And I won't know if I want to make enlargements or enhancements until I see what they are by scanning them. o_O
 

Brownie

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Here's my setup:
https://www.mu-43.com/threads/the-v...developed-which-was-today.110341/post-1444579

The key is to keep the negative flat and on a perfect plane with the lens, and even light.

FWIW, I have a Wolverine Snapp 14 scanner that does negs, slides, and photos up to 5 x 7. The camera does a better job.

One bug huge plus that Mike didn't mention is when you use your camera, you end up with a RAW image to process.
 

Brownie

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I have a box of family pics (negs) from the 1970s, on something like 120 film or similar. I bought a piece of 3mm thick frosted white acrylic off ebay for 3 quid which I put on an old Amazon Kindle tablet, and made a frame with cheap thin steel rulers (also cheap). This worked OK for the "scanning" part (E-M10ii + O12-40mm f/2.8). Albeit the scanning rate is a bit slow.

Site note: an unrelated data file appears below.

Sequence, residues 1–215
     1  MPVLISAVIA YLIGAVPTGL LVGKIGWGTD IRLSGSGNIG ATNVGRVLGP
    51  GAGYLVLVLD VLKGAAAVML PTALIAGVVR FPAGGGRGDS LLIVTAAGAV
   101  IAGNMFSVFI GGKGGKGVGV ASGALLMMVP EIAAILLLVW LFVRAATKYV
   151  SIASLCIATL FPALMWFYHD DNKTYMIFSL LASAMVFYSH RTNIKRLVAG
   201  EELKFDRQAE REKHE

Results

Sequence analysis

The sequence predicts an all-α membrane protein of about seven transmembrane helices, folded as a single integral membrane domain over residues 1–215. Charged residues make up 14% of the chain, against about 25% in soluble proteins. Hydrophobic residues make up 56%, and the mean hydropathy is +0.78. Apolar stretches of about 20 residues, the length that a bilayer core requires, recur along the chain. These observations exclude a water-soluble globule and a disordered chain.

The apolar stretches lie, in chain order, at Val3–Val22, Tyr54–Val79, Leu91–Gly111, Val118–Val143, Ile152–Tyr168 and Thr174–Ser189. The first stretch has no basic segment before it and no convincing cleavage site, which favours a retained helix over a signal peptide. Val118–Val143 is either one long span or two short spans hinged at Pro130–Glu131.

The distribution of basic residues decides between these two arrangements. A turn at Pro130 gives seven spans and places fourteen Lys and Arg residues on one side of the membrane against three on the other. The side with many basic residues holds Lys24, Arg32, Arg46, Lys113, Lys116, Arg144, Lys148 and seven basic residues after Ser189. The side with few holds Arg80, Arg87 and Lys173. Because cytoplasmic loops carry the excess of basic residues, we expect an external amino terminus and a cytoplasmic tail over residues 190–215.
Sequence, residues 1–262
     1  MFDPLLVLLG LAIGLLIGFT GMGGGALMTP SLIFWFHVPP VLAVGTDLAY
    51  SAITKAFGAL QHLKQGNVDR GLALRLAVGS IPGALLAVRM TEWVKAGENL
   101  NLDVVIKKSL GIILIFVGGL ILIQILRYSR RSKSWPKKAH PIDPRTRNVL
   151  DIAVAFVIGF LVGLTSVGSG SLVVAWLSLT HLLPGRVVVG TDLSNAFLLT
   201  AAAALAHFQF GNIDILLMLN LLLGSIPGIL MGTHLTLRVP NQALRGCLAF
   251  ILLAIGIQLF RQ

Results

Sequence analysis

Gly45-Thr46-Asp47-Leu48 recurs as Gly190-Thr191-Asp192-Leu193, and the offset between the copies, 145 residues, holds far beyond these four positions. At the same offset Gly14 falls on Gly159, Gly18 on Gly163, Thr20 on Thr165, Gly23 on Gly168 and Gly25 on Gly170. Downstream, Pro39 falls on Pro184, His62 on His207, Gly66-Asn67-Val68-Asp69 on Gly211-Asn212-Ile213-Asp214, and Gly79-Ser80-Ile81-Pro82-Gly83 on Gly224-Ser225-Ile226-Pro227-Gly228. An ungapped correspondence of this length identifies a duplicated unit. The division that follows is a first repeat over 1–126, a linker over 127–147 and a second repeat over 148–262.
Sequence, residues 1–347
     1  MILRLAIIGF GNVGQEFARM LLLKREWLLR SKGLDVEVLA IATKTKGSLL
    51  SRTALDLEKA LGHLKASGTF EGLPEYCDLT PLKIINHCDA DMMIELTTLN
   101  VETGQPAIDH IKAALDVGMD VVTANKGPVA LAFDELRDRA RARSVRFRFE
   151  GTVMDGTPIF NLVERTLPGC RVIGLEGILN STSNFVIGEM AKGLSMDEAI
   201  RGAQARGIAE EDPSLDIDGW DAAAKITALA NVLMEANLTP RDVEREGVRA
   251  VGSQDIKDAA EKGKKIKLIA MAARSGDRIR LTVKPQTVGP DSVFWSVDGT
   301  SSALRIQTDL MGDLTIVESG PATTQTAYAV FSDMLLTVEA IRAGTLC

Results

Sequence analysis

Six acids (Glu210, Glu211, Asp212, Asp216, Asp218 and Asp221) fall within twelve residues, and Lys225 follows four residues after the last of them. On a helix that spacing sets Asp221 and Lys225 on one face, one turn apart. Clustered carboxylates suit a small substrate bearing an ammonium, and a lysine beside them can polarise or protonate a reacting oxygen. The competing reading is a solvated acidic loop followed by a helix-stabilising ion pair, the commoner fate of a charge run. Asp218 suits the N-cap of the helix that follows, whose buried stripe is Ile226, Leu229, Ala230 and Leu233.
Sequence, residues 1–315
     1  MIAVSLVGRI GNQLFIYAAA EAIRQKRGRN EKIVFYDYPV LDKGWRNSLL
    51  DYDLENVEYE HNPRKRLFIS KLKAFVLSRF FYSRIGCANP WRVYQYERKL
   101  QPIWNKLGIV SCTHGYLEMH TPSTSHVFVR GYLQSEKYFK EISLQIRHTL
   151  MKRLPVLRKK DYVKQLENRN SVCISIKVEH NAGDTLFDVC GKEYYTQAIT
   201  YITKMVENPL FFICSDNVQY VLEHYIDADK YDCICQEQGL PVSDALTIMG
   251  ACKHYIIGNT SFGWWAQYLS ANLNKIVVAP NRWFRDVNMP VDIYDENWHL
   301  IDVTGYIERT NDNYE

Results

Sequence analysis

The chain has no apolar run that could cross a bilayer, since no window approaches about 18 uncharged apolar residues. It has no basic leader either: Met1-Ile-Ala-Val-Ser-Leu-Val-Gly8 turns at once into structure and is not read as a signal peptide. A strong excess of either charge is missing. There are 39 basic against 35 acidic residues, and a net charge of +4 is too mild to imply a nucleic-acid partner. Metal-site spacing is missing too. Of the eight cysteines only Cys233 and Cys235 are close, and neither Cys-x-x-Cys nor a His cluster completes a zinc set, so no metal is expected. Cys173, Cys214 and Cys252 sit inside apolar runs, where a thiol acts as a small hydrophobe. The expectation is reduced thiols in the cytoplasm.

Where I have fallen down is the colour reversing part. I've done it in Affinity and also in DXO PhotoLab, but not been hugely happy with either.
I see there is a LR plugin called Negative Lab Pro, which is $99. I might be tempted, except it won't work on my ancient version of LR (4.4) and I'm not paying for an Adobe subscription.

So this project, from me, is currently stalled, even though it's winter and lockdown...

Interesting to hear other experiences!
Download Darktable, it's free and they have a new module called Negadoctor.

P1061636 by telecast, on Flickr
 
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Download Darktable, it's free and they have a new module called Negadoctor.

View attachment 869587P1061636 by telecast, on Flickr
Thanks for this info! I will certainly give that a go. I tried Darktable last year, as a general purpose DAM on a second PC that doesn't have LR, but ended up with ACDSee. I will reinstall it, and dig out the raw files I created last time.
 

Brownie

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Thanks for this info! I will certainly give that a go. I tried Darktable last year, as a general purpose DAM on a second PC that doesn't have LR, but ended up with ACDSee. I will reinstall it, and dig out the raw files I created last time.
Download the newest version. Due to COVID last year and everyone being stuck at home, they had two full new releases, one in June and the traditional one in December. There is a learning curve, if you google Negadoctor there are video tutorials.